A number of high-level delegations from the United States are expected to visit Bangladesh ahead of the next national polls. Of them, two delegations are scheduled to arrive in Dhaka this month.
The US state department’s coordinator on global anti-corruption, Richard Nephew, is supposed to reach Dhaka on Sunday night, while Brig Gen Thomas J James, director of strategic planning and policy of US Indo-Pacific command, will join a defence dialogue in Dhaka in the second half of August.
Besides, the assistant US trade representative for South and Central Asia, Brendan Lynch, is scheduled to visit Dhaka in the first half of the next month, to attend a meeting of the trade and investment cooperation forum agreement (TICFA) council.
According to diplomatic sources in both countries, Richard Nephew, who is considered as an advisor to US state secretary Antony Blinken, will discuss ways of cooperation to eradicate corruption and stop money laundering.
He will meet the Anti-Corruption Commission (ACC) chairman, foreign secretary, and other non-government organisations working on the issues.
A senior official of the foreign ministry said discussions are underway about participation of several delegations from both countries in regular forums in Dhaka over the next two months.
Among them, the defence dialogue and the TICFA council meeting are nearly finalised. A security dialogue is also supposed to be held here, but it is yet to be confirmed.
The official also said foreign secretary Masud Bin Momen is expected to lead the Bangladesh delegation in the security dialogue, while the US undersecretary for arms control and international security Bonnie Denise Jenkins will lead the US side.
Diplomatic sources in Dhaka noted that the bilateral cooperation between Bangladesh and the US has been multi-dimensional over the past decade, focusing on human rights and good governance, trade and investment, development cooperation, non-traditional security cooperation, and defence cooperation.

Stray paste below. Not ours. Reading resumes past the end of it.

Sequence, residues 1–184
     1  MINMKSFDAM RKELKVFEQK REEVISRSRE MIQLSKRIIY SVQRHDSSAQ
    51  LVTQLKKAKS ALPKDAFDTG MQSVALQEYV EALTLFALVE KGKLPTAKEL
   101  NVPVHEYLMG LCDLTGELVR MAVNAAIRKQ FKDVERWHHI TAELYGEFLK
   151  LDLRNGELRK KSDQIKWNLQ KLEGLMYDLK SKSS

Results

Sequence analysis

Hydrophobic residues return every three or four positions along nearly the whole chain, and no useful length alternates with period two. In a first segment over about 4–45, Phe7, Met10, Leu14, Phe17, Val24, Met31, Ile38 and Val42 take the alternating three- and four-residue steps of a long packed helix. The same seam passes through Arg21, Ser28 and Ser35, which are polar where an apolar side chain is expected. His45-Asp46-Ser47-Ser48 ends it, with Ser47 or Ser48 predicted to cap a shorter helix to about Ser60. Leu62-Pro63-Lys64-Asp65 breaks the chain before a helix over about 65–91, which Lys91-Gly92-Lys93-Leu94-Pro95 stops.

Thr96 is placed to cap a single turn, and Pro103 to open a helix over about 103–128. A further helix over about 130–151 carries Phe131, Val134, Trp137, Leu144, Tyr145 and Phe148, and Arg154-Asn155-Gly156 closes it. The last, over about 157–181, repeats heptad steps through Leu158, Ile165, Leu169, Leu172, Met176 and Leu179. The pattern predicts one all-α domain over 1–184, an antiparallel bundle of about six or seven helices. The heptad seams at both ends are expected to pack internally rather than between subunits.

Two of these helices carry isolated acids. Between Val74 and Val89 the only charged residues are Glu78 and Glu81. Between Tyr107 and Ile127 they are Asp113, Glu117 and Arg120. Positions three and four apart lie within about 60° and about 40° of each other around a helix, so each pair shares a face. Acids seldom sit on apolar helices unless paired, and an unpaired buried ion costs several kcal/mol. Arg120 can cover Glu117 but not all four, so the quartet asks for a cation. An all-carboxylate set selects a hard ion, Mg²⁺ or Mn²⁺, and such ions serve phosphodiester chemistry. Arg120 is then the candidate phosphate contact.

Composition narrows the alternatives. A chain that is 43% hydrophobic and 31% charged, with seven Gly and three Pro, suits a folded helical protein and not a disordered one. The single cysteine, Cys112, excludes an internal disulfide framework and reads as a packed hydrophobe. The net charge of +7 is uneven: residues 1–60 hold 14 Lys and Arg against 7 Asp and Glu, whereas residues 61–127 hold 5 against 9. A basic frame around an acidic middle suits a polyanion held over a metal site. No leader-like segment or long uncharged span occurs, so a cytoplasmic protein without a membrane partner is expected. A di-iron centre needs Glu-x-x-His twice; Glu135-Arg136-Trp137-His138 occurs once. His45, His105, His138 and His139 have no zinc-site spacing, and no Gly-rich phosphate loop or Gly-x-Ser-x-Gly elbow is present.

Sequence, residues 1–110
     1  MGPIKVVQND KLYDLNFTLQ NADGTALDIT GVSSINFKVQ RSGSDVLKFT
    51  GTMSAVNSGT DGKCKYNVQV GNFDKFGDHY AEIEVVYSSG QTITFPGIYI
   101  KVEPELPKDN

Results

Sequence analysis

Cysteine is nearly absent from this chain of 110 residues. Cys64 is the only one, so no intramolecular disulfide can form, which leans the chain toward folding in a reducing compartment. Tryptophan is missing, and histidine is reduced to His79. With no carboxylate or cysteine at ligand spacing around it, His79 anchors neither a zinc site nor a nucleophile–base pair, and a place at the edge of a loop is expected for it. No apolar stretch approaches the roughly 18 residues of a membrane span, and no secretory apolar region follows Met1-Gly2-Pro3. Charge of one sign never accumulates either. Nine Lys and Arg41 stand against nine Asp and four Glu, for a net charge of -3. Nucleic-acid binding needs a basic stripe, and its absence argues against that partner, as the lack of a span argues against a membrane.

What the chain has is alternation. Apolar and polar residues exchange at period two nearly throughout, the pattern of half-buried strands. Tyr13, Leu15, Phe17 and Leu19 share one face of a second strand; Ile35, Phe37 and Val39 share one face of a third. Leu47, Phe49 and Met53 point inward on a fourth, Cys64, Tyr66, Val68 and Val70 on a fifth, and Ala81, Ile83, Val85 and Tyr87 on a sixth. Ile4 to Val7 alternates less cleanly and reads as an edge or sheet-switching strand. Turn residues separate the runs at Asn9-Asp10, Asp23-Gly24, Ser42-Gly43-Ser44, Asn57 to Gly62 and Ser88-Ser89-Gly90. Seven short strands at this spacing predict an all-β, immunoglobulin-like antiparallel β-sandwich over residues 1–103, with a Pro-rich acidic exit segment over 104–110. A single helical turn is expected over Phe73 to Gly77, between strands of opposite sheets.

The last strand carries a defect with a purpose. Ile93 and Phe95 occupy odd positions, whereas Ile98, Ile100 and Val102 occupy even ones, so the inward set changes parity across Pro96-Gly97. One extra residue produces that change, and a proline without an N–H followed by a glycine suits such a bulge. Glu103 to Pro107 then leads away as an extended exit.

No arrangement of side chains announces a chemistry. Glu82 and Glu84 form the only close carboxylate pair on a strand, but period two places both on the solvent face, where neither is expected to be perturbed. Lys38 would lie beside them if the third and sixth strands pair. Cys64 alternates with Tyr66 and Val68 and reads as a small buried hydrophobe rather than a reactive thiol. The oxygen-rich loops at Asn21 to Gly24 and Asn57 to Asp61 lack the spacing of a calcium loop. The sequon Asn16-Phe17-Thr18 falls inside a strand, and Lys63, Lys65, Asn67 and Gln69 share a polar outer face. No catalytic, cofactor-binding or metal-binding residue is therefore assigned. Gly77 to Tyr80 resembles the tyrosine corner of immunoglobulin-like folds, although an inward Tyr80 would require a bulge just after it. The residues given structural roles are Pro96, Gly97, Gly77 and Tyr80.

Both countries have collaborated closely in various areas, but there have been differences regarding human rights and good governance. It becomes evident through the US sanctions on the Rapid Action Battalion (RAB) and its seven former and current senior officers, and visa restrictions on individuals obstructing free and fair elections.
Asked about the visits, the spokesperson for the US Embassy in Dhaka, Bryan Schiller, said the embassy refrains from disclosing any information about a delegation's visit until their arrival in Dhaka or official announcements made from Washington.
He said the US attaches special importance to Dhaka in terms of bilateral relationship and it is evident through the visits of the high-level US officials. He also hoped that the trend would continue in the future.
Earlier, the United States announced a new visa policy for Bangladesh on 24 May, which stirred some concerns here. Later, Uzra Zeya, the US under secretary for civilian security, democracy, and human rights, came to Dhaka on a four-day trip on 11 July, accompanied by assistant secretary for central and south Asia Donald Lu.
Former foreign secretary and Bangabandhu chair of Delhi University, Shahidul Haque, also said the relation between Bangladesh and the United States is extensive and multidimensional. As the US has interest in the Indo-Pacific region, the importance of Bangladesh increased due to its strategic position in the Bay and changed geopolitical dynamics.
He also noted that values and human rights remain the base of US foreign policy and it considers the issues while maintaining bilateral relationships. It is nothing unusual to have different views on various issues. But both countries continued their communication and discussion at different levels.